Author of “The Dictator Pope” revealed (officially) and book format now available

Some people were clued in a long time ago, but were asked to keep it under wraps.  Now it is out in the open.

The Dictator Pope (revised and updated)now available in hard copy from Regnery for pre-order (23 April – US HERE – UK HERE) highly critical of Pope Francis and those around him, originally was published under the pen name of “Marcantonio Colonna”.

Previously, it was available only on Kindle.

Now his name has been revealed.  HERE

Marcantonio Colonna is the pen name of Henry Sire (H. J. A. Sire), an author and historian. Sire was born in 1949 in Barcelona to a family of French ancestry. He was educated in England at the Jesuits’ centuries-old Stonyhurst College and at Exeter College, Oxford, where he gained an honors degree in Modern History. He is the author of six books on Catholic history and biography, including one on the famous English Jesuit, writer, and philosopher Father Martin D’Arcy, SJ. The Dictator Pope is the fruit of Henry Sire’s four-year residence in Rome from 2013 to 2017. During that time he became personally acquainted with many figures in the Vatican, including Cardinals and Curial officials, together with journalists specializing in Vatican affairs.

He is also the author of another book, which I’ve noted here in the past.

Phoenix from the Ashes: The Making, Unmaking, and Restoration of Catholic Tradition


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  2. mharden says:

    Wow! His “Phoenix from the Ashes” is outstanding.

    Any idea of how much revision and additions have been done to “Dictator Pope”, for those of us who previously purchased the Kindle edition?

  3. Riddley says:

    Aha, I called this back when the book first came out on Kindle! How I enjoy being right…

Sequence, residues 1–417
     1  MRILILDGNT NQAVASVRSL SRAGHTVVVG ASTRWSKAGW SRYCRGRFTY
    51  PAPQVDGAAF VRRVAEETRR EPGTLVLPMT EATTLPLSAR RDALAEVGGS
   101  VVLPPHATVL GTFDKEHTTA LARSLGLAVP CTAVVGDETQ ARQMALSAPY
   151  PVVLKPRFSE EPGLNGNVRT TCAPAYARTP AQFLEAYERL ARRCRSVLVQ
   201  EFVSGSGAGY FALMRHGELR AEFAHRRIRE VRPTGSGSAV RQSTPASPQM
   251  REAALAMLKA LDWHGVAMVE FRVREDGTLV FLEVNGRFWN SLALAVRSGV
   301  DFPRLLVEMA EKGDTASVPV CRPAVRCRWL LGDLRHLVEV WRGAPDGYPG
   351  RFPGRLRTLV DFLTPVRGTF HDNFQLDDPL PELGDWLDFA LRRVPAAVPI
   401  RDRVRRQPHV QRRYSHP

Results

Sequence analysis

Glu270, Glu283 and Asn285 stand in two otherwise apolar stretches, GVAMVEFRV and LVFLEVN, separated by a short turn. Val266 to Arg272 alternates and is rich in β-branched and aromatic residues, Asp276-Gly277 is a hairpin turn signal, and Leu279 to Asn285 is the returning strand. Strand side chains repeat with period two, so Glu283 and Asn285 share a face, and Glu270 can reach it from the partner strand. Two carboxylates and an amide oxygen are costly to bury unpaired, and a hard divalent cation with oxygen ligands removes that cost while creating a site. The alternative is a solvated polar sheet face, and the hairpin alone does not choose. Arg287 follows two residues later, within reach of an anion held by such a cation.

Now that it’s confirmed as being by Henry Sire I will definitely read it. I’ve never known him to write an uninteresting or inelegant sentence.

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  5. JesusFreak84 says:

    I honestly presumed the author was a member of the clergy, partially because that would have explained perfectly why the author would use (indeed, need,) a pen name to begin with. I wonder what will happen to the author now that the truth’s out…

  6. jaykay says:

    I got the Kindle version of “Phoenix from the Ashes” last year, via a quote and reference in Prof. Kwasniewski’s latest book which I was reading at the time. I was impressed by what I read in the quote and decided to buy it. I wasn’t disappointed – as Riddley says above, it is well written. Must read it again, actually.

  7. Geoffrey says:

    Wow! I recently purchased “The Knights of Malta: A Modern Resurrection” by H.J.A. Sire. Excellent book. Now the “insider” details outlined in the Order of Malta’s section of “The Dictator Pope” makes sense! Is this print version a revised edition?!

  8. cengime says:

    Now some people will stop reminding us that they have shady connections in Italy and won’t share their secret inside information on the book’s authorship no matter how much we ask. :-P

  9. acardnal says:

    Video from GloriaTV wherein Henry Sire speaks about his previous book “Phoenix from the Ashes” at the Roman Forum. HERE

  10. ChesterFrank says:

    A Priests advice if this book is worth reading would be extremely helpful. I have no previous knowledge of the author or his credibility, and instinct tells me to avoid any book that calls the Pope a dictator. I do recall years ago many religious leaders telling people to stay away from Dan Brown’s The Da Vinci Code. Those I knew were fiction, should I avoid this also?

  11. majuscule says:


    I hope you are being facetious!

  12. HeatherPA says:


    Whether or not ChesterFrank is being facetious, I can personally say I haven’t read the book and I think that it wouldn’t be very beneficial to ordinary laypeople, at any rate. We are bound to pray for the Holy Father and his intentions. That is all.

    I hear enough around the periphery of the Catholic world to know of his deeds. This book would just be disturbing and upsetting, and make me feel powerless. I already do offer up more prayers, rosaries, and fasts for him and those who are being influenced by his non Encyclical teachings that are being given more weight than Encyclicals by many who know better. That is what I can do as a layperson.

    Can I just say I am quietly relieved a priest didn’t write this book, for that priests sake?

    I see no merit honestly for a regular faithful Catholic to read this book. Surely I will be schooled as to why it’s important.

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